To read the full story by Soli Sagado on Global Sisters Report: Click Here
October 21, 2019
I am very pleased to receive you today on the occasion of your first General Assembly. I thank Sister Kafka and Sister Bottani for their introduction. Talitha Kum was born in 2001 from a missionary intuition of the International Union of Superiors General (UISG). It flourishes today as a worldwide network that coordinates the efforts of Institutes of Consecrated Life against human trafficking. In just ten years it has come to coordinate 52 religious networks in more than 90 countries on all continents. The statistics of your service speak for themselves: 2000 workers, more than 15,000 victims of trafficking assisted and more than 200,000 people reached with prevention and awareness-raising activities.
I congratulate you on the important work you are doing amid very complex and tragic situations. Your work brings together the missions of different institutions and demands cooperation between them. You have chosen to be on the front line. Therefore the numerous Congregations that have worked and continue to work as the “avant-garde” of the Church’s missionary activity against the scourge of human trafficking deserve gratitude (see Address to Participants in the International Conference on Human Trafficking, 11 April 2019). This is also a model of how to work together. It is an example for the whole Church, and also for us: men, priests, bishops … You are giving a great example – keep at it!
In this, your first assembly, your main objective is to evaluate progress made and to identify missionary priorities for the next five years. In the various working sessions, you have chosen to discuss two main issues related to the phenomenon of trafficking. On the one hand, the great differences that still mark the condition of women in the world, which stem mainly from socio-cultural factors. On the other, the limits of the neoliberal development model, which risks undermining the state with its individualistic vision. These undoubtedly complex and urgent challenges require adequate and effective answers. I know that in your assembly you have committed yourself to identifying solutions and highlighting the resources necessary to carry them out. I appreciate this work of pastoral planning with a view to providing more competent and fruitful assistance to the local Churches.
While important, these are not the only challenges that face. The Migrants and Refugees Section of the Dicastery for Promoting Integral Human Development recently published “Pastoral Orientations on Human Trafficking”, a document that sets forth the complexity of today’s challenges and offers clear pointers for all pastoral workers committed to working in this area.
I renew my encouragement to all the women’s Institutes of Consecrated Life that have organized and supported the commitment of their sisters in the fight against trafficking and in helping victims. While I invite you to continue this commitment, I also appeal to other Religious Congregations, both female and male, to join this missionary work, devoting personal service and resources so that they can reach remote corners of the earth. I also hope that foundations and benefactors will multiply and ensure generous and disinterested support for your activities. With regard to this invitation, I realize the problems that many Congregations have; indeed some, both female and male, may tell you: “We have so many problems to solve internally, we cannot…”. Tell them that the Pope said that “internal” problems are resolved by going out on the road, so that fresh air can enter.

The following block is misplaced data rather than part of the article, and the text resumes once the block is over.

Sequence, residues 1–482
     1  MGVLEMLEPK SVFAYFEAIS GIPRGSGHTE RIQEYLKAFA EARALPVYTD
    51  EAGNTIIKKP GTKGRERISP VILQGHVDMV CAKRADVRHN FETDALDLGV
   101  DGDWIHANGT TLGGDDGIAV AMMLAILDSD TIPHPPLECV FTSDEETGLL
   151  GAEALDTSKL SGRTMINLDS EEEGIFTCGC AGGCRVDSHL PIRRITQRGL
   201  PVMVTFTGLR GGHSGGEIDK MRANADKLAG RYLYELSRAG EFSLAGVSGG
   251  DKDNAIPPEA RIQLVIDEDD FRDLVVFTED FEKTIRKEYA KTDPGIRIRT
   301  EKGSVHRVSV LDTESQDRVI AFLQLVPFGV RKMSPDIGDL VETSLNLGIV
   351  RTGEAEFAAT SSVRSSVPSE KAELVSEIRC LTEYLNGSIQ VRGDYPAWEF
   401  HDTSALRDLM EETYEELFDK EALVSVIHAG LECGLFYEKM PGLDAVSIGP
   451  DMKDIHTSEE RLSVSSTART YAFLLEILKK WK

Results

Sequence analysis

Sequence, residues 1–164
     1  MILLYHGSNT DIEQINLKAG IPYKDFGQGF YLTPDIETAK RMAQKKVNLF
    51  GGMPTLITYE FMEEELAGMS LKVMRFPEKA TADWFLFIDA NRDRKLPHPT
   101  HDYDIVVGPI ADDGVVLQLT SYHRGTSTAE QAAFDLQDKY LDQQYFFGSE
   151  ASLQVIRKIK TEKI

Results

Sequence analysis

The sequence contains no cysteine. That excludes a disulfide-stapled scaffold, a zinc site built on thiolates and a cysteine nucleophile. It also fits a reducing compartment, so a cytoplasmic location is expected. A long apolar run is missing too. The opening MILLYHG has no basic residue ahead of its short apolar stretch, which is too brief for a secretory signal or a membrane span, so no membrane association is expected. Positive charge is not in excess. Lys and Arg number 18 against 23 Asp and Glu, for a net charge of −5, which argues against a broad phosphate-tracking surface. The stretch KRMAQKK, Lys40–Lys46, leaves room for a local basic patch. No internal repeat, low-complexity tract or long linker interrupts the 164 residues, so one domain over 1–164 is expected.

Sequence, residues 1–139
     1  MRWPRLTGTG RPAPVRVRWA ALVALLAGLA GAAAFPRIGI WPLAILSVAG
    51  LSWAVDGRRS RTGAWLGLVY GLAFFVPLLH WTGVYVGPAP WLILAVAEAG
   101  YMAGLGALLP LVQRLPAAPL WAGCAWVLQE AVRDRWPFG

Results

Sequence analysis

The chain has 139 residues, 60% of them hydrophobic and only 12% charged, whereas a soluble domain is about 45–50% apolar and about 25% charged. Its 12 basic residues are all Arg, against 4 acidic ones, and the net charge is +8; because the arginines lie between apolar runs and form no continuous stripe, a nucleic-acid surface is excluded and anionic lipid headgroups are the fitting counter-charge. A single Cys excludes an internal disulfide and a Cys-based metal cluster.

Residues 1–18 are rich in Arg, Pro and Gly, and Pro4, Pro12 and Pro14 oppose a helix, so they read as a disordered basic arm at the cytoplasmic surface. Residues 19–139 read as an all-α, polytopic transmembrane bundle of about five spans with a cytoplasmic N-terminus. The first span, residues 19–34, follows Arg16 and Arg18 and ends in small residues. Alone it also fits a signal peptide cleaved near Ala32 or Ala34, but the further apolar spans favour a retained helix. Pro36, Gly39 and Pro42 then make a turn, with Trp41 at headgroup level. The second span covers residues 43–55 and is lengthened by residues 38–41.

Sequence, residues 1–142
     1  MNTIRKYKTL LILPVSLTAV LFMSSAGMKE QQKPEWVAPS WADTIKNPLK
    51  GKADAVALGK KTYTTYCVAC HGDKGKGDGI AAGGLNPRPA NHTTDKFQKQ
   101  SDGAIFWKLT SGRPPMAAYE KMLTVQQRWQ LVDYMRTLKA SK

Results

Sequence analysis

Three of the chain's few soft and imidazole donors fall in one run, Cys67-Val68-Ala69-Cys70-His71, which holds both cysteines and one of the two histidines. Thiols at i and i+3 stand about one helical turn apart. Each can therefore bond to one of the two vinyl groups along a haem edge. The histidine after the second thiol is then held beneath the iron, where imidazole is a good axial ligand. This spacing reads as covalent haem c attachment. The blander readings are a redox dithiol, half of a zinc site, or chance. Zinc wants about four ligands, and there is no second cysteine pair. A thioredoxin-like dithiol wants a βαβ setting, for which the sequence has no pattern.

To read the full statement from Pope Francis on Liberia EditricVaticana: Click Here
October 16, 2019
Talitha Kum’s General Assembly takes place from 21 to 27 September. It sees the participation of 86 delegates from 48 different nations and aims to present the work the sisters are doing in different countries and discuss how to implement new strategies in the fight against human trafficking and slavery.
A special award will be given to 10 sisters who in recent years have distinguished themselves for their commitment to the cause and have been instrumental in supporting anti-trafficking networks in different countries
Talitha Kum is a project of the International Union of Superiors General (UISG), in collaboration with the Union of Superiors General (USG).
Pope Francis has repeatedly decried the trafficking of persons as an open wound on the body of contemporary society and called for action to stamp it out and sustain the victims.
It’s a phenomenon that currently affects at least 40 million vulnerable people, 70% of whom are women and children.
One of the participants in Talitha Kum’s General Assembly is Australian Sister Angela Reed. She told Vatican News that in order to stamp out trafficking a there is a series of preventive measures to be implemented.
Sister Reed explained that one of the first things to be done in the fight against human trafficking is to pinpoint and address the root causes that make a person vulnerable to be trafficked.
“We need to address vulnerabilities right from the time a child is born,” she said, pointing to the fact that right from the beginning of life, “There are certain conditions that must be present.”
“We must ensure that everybody has safe and adequate housing, we should ensure that every child has access to education, that they are part of a community and not left in isolation; we have to make sure there is decent work available in the future of young women so that they are not vulnerable to sexual trafficking,” she said.
To read the full story by Chiara Colotti & Linda Bordoni on Vatican News: Click Here